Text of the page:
Congress Watch: Taxpayers Underwater with National Flood Insurance Program

Joe Jansen

March 3, 2014

(Joe Jansen has a decade and a half of experience working as a staff member on Capitol Hill.  He has worked in almost every legislative capacity in both the House and Senate. Joe will be a frequent contributor to TPA’s blog.) The National Flood Insurance Program (NFIP) owes the treasury more than $24 billion.  In 2012, when NFIP’s debt was “only” $17 billion, Congress enacted a set of reforms to make the program more actuarially sound. The implementation of these reforms has begun and homeowners and local communities located in flood zones are beginning to feel their impacts.  The Senate has already bowed to the pressure and killed the reforms.  Taxpayers should demand better.

Prior to 1968, when a flood occurred in the United States, the Federal government provided disaster relief funding to the flooded areas.  In an attempt to rein in spending, Congress enacted the National Flood Insurance Program.  Under the program, the Federal Emergency Management Agency (FEMA) produces flood maps. If your home is in a flood zone, you are required to obtain flood insurance in order to get a mortgage.  Unfortunately, the premiums paid by homeowners are not necessarily linked to risk.  As an inducement to enter the program, some homeowners were given subsidized rates – rates that were “grandfathered” to prevent increases from reflecting actual flood risks.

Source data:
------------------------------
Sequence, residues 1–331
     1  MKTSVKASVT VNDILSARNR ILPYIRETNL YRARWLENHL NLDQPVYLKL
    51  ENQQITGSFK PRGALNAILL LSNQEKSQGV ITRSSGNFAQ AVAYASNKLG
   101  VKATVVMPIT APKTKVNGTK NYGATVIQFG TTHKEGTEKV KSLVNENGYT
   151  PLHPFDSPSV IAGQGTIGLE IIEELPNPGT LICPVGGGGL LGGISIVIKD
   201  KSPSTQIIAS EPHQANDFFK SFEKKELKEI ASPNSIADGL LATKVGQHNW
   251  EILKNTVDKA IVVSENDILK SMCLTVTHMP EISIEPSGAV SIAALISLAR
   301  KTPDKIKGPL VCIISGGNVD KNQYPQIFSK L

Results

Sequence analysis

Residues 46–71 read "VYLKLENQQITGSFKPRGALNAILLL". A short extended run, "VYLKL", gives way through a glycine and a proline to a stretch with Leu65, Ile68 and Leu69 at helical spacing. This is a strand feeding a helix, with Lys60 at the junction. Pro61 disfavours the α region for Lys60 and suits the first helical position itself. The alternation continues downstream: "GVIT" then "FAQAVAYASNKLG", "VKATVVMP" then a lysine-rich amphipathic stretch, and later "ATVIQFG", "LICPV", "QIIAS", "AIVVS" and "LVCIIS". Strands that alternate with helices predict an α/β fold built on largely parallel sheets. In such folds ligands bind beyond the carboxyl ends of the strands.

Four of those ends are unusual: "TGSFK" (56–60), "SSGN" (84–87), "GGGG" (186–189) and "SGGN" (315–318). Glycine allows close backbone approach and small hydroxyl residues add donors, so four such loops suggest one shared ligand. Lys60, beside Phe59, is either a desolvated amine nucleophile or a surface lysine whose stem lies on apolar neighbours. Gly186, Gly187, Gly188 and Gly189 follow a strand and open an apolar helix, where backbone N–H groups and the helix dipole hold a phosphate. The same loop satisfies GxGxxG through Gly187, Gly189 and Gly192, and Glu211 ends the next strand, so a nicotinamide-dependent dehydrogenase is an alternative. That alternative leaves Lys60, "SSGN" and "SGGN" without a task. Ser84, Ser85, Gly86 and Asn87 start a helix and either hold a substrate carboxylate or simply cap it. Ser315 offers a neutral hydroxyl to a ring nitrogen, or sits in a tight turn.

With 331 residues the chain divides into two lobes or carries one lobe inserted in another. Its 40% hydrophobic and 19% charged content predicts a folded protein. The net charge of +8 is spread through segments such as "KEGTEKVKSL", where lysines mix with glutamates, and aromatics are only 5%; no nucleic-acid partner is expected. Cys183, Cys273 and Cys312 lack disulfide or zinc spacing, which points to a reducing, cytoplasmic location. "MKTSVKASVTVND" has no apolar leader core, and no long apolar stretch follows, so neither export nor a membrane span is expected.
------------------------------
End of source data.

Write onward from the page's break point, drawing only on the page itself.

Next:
In years without significant flooding, the premiums might cover the actual costs of the claims.  But, in years with significant events such as Hurricanes Katrina and Sandy, the program is forced to borrow funds from the treasury to pay claims.  The program now owes more than $24 billion – an amount it is unlikely to ever be able to repay.

After years of negotiations, Congress passed a bill that would bring flood insurance rates in line with the risk of actually being in a flood.  Among its reforms, the new law repealed “grandfathered” ratings and it did not allow for rate discounts on second homes or commercial buildings.  Realizing that these reforms were going to raise premium rates for some homeowners, the law caps rate increases to 25 percent annually for four years.  However, for new flood insurance policies, the increase would take effect immediately.  These increases are now beginning to be felt.

For the most part, the laws results have been predictable.  Rates have increased for many people.  But, for some, the increase has been larger and faster than expected.  Additionally, because rates take effect immediately for new policies and lower rates are no longer grandfathered, many communities are faced with the fact that homes cannot be sold due to the costs of flood insurance.

Once the new rates took effect, the complaints began rolling in.  The Senate responded rather quickly.  In late January it passed a bill that essentially killed the reforms it enacted less than two years earlier by delaying their implementation for four years.  Last week, the House was prepared to act on a bill that did not delay implementation of the bill, but actually repealed many of its reforms.  Last minute opposition to the House bill forced leaders to go back to the drawing board.

When Congress passes laws that have unintended consequences it is perfectly reasonable to expect it to go back and address egregious problems.  But, simply repealing needed reforms is not the best response.  Without the reforms enacted in 2012, the National Flood Insurance Program is not sustainable.  The Senate did not solve anything by its actions.  The House has a chance to do better.